Without commenting on the merits of the case, the Supreme Court this morning let stand a $675,000 jury verdict against a 25-year-old Boston University student who downloaded 30 songs nearly a decade ago and then shared them with others on a peer-to-peer network.
The court denied Joel Tenenbaum's "write of certiorari," which means his appeal of a lower court's ruling and the judgment were turned down.
The U.S. Supreme Court's expected ruling in June on Arizona's immigration law will set the blueprint for states where many officials say they face a crisis in trying to crack down on rising numbers of illegal residents.
Yet population changes and various research indicate that the great flow primarily of Latino illegal immigrants, which lasted at least two decades, ended several years ago.
A majority of U.S. Supreme Court justices signaled Wednesday that they will uphold at least part of Arizona's controversial immigration law. Four provisions of the law were blocked by a federal appeals court last year, and while even some of the court's conservatives expressed skepticism about some of those provisions, a majority seemed willing to unblock the so-called "show me your papers" provisions.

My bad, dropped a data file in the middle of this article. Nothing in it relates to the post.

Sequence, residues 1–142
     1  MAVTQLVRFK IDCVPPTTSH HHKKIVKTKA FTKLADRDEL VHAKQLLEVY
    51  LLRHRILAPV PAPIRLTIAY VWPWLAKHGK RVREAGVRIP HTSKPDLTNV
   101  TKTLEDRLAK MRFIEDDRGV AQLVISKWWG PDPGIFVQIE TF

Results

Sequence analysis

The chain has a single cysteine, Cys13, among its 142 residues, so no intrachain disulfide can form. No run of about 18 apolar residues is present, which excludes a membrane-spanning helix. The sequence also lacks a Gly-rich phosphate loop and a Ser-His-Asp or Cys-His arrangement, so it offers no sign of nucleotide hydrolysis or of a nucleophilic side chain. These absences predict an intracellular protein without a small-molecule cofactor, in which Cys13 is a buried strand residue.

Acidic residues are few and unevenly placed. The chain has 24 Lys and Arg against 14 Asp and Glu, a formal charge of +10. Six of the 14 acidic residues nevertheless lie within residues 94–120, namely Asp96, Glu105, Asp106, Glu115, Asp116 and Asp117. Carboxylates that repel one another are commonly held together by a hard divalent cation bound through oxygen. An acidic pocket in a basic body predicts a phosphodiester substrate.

The early analyses of this morning's Supreme Court hearing on parts of Arizona's controversial immigration law are in, and the consensus is that the majority of justices will likely uphold the state's effort to reduce the number of people within its borders who may be there illegally.